Ashlyn didn’t cry when she was teething. Only her mother cried when she saw her lips in the morning in the blood. After numerous tests, doctors discovered that she had a congenital insensitivity to pain only at the age of two.
Parents had to intensely protect their daughter from the dangers that surrounded her. New carpets were laid and new furniture without corners was ordered.
Ashlyn’s hands were always wrapped in gauze so she couldn’t hurt them.
One day she dipped her hand into boiling water and was surprised when it blistered. And there was a case when she broke her ankle and had to walk for two days with a fracture.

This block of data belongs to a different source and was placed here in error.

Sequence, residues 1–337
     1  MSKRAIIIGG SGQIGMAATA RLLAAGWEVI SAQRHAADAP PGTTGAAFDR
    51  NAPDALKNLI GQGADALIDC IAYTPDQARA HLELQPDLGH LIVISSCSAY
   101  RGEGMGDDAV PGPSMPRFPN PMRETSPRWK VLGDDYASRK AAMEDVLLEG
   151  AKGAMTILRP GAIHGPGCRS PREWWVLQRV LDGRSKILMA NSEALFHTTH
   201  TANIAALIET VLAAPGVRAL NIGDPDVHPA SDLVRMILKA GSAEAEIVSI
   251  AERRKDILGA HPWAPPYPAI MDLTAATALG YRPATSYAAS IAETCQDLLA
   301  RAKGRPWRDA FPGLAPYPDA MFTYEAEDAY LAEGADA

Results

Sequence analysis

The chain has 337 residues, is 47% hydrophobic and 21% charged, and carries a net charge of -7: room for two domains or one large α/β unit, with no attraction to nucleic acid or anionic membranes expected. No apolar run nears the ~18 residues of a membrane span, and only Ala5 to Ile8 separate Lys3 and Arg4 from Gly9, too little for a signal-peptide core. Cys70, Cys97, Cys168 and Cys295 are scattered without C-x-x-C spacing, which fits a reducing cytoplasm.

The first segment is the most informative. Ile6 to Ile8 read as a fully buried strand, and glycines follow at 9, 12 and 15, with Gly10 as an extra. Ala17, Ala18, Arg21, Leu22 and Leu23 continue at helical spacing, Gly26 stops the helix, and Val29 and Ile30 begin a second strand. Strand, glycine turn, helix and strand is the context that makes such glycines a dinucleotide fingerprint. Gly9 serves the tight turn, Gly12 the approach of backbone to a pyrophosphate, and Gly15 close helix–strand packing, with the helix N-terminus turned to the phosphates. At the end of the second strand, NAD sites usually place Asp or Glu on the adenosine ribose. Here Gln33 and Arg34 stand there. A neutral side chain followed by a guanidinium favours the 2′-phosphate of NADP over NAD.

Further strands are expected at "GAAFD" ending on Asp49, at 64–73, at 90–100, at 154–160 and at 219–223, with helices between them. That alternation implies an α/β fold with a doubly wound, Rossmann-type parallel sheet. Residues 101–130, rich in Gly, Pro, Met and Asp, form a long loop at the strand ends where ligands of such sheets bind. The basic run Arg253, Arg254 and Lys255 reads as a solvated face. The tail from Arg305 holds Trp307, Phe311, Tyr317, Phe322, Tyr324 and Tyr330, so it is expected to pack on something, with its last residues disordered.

The child always wears a bracelet with a medical sticker that says: “feels no pain – minimal sweating.” Ashley is a cheerful girl. She feels handshakes, she has many friends, she involuntarily repeats other people’s reactions to pain.
“I cannot feel pain, though I feel pressure.” Pain! I don’t understand what it is!” says Ashlyn.
For many people, not feeling pain seems like a great superpower, but it can actually be very dangerous. The main features of the disorder are the following symptoms: absence of pain sensation, painless injuries of the arms, legs and maxillofacial region, hyperthermia in hot weather due to inability to sweat and so on.
Our heroine’s doctor says: “Her story shows how difficult it is to live without pain. Pain is a capacity, but she lacks it.” Ultimately, pain control can help people recognize danger.